He was in the beginning with God.
All things were made through Him, and without Him nothing was made that was made.
In Him was life, and the life was the light of men.
And the light shines in the darkness, and the darkness did not comprehend it.
THE GOSPEL OF JON - GOD'S T.U.L.I.P. GARDEN
Considering that the work of Celsus has not been preserved at all except for whatever is quoted in Origen's extensive refutation Contra Celsum, color me a little skeptical on his alleged quote. We are to believe, I suppose, that Origen quoted Celsus simply to say "I have no answer for this". When in reality, his whole book is an answer to that. Moreover, I cannot find this quote anywhere in Origen or Justin Martyr (where another website says it is from). It has all the earmarks of a fabricated quotation.
Quoting Augustine as evidence of the equivalence between paganism and Christianity is another bewildering insanity. Augustine wrote a *massive* book De Civitate Dei (On the City of God) whose express purpose was to prove to skeptical Romans that Christianity was not the reason for their downfall, and, in the process, to demonstrate the absurdity of paganism. The author might want to try reading it sometime.
Exactly. He quotes them without understanding what the heck they meant.
Matt. 12:22-32 says, "Then there was brought to Him a demon-possessed man who was blind and dumb, and He healed him, so that the dumb man spoke and saw. 23And all the multitudes were amazed, and began to say, "This man cannot be the Son of David, can he?" 24But when the Pharisees heard it, they said, "This man casts out demons only by Beelzebub the ruler of the demons." 25And knowing their thoughts He said to them, "Any kingdom divided against itself is laid waste; and any city or house divided against itself shall not stand.
26"And if Satan casts out Satan, he is divided against himself; how then shall his kingdom stand? 27"And if I by Beelzebub cast out demons, by whom do your sons cast them out? Consequently they shall be your judges. 28"But if I cast out demons by the Spirit of God, then the kingdom of God has come upon you. 29"Or how can anyone enter the strong mans house and carry off his property, unless he first binds the strong man? And then he will plunder his house. 30"He who is not with Me is against Me; and he who does not gather with Me scatters.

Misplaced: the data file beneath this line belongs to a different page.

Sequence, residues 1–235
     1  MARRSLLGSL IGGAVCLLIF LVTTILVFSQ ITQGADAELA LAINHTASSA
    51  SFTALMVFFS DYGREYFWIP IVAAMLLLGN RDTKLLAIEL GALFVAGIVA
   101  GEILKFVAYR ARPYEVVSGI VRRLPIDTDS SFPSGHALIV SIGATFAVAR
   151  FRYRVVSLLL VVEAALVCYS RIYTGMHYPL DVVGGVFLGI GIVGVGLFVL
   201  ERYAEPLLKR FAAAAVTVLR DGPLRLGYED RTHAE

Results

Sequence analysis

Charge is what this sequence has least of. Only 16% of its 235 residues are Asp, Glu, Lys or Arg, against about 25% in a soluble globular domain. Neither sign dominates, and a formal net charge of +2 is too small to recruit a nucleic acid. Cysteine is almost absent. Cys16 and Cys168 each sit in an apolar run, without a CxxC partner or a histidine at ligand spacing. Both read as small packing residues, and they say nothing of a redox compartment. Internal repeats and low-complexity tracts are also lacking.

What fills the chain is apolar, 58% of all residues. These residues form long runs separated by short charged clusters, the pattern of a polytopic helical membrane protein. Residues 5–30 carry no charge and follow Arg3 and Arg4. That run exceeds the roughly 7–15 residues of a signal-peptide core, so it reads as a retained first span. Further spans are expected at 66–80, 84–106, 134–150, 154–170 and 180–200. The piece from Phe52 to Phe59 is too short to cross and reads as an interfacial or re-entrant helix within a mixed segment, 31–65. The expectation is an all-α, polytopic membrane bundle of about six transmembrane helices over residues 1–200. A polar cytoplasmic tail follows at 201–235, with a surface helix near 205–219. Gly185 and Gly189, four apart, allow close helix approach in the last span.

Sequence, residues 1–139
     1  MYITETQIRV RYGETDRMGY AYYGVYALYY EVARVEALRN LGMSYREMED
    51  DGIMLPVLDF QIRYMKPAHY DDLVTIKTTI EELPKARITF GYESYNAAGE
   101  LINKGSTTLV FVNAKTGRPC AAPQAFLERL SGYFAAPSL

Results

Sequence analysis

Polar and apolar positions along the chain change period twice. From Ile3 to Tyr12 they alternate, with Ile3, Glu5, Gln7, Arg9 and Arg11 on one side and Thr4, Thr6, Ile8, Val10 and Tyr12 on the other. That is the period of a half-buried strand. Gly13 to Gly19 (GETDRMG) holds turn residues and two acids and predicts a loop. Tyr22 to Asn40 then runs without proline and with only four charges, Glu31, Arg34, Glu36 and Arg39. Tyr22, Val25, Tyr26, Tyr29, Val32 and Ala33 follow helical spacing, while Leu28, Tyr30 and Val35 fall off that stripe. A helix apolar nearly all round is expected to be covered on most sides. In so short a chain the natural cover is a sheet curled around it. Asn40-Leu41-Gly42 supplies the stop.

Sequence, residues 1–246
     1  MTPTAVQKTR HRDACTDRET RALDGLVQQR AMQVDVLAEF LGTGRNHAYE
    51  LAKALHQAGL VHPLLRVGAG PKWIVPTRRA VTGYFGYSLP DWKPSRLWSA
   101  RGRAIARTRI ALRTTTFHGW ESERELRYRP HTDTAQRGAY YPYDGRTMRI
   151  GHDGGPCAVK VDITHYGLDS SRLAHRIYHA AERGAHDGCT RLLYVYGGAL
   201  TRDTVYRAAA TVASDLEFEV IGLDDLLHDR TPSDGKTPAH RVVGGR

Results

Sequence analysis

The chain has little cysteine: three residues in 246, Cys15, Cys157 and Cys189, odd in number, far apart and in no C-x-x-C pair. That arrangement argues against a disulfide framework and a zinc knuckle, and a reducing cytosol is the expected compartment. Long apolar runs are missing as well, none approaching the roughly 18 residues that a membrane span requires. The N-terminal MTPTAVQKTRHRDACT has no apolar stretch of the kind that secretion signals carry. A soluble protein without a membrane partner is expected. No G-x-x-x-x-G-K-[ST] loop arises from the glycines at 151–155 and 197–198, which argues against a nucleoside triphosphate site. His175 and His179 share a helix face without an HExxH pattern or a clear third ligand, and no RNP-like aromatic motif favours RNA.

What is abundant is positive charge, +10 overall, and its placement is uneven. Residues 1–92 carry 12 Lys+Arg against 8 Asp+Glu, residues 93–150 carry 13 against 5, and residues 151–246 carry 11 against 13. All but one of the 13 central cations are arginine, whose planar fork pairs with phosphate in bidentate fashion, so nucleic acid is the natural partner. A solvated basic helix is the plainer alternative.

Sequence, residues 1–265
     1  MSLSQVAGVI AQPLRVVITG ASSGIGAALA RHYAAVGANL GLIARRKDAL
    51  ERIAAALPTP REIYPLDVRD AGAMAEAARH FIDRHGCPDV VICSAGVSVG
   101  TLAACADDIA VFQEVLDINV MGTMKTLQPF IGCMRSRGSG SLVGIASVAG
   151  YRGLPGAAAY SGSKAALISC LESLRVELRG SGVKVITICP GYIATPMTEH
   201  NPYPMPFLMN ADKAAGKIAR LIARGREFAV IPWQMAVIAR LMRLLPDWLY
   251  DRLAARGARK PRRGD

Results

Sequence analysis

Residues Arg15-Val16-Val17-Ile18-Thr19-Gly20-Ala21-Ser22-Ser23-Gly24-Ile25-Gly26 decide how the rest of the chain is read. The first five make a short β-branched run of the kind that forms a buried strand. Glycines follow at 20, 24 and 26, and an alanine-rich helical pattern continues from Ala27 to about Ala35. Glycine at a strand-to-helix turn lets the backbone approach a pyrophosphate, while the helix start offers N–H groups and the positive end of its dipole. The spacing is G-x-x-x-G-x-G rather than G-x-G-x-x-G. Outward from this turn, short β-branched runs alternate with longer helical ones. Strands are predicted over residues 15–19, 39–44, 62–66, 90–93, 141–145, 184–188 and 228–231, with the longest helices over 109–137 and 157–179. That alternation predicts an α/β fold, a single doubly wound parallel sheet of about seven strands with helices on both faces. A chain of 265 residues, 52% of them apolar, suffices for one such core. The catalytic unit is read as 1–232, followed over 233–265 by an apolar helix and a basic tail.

31"Therefore I say to you, any sin and blasphemy shall be forgiven men, but blasphemy against the Spirit shall not be forgiven. 32"And whoever shall speak a word against the Son of Man, it shall be forgiven him; but whoever shall speak against the Holy Spirit, it shall not be forgiven him, either in this age, or in the age to come," (All Scripture quotes are from the NASB).
B16 has said that the "spirit" is the essence of christianity and needs to be more firmly established. It should not be dismissed.
It's interesting to read a book like Frazer's "The Golden Bough" and see the echoes of Christianity in the distant past. Some banned the book when it first came out for Frazer's comparisons of the crucifixion to earlier rituals like the Saturnalia and the Corn God festivals... but all I see is God's prevenient grace at work, instilling in Man a need and a knowledge of our savior.
Justin the Martyr also wrote that the Logos came to some of the Greek Philosphers as a sort of "proto-evangelium" in their thought on the Logos. But if you go to Romans and back up a few chapters, you'll find that God has written in ALL men's hearts a natural law. This Law, no doubt, is the Law that Christ gave His Apostles - to Love.
Those who love as God intended for men abide in Christ ... that is the ultimate definition of a Christian - to abide in Christ. Thus, a person who follows the Law of Love as written in their hearts is abiding in Christ (the Logos before His incarnation), even before the Birth of Jesus. This much is clear. No one can please God except through faith - which comes from God. The OT is full of people who were pleasing to God - and thus had faith. Christianity is not a new invention, but a fulfillment of EVERYTHING good that God has revealed to man, whether it is Judaism, or whether it is in the heart of a man in the Amazon jungle.
Hats off to ya!
Got a new tagline for you...
That he failed in that sense (arrested in the fall at Succot [fresh palms prevalent in Jerusalem], crucified the following spring), was tragic for him and his supporters.
Yet he "rose again" in the sense of rising Christianity which eventually led to the founding of the United States, which couldn't have otherwise happened!
God certainly does work in mysterious ways.
Hyam Maccoby, Revolution In Judaea: Jesus and the Jewish Resistance